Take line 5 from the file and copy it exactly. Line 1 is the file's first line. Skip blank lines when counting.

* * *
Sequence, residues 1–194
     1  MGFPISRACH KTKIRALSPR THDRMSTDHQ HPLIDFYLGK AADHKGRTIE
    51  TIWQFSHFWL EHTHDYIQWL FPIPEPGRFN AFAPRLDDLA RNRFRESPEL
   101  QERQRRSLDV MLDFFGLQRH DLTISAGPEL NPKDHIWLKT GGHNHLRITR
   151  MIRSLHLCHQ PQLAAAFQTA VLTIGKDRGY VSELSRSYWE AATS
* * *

   151  MIRSLHLCHQ PQLAAAFQTA VLTIGKDRGY VSELSRSYWE AATS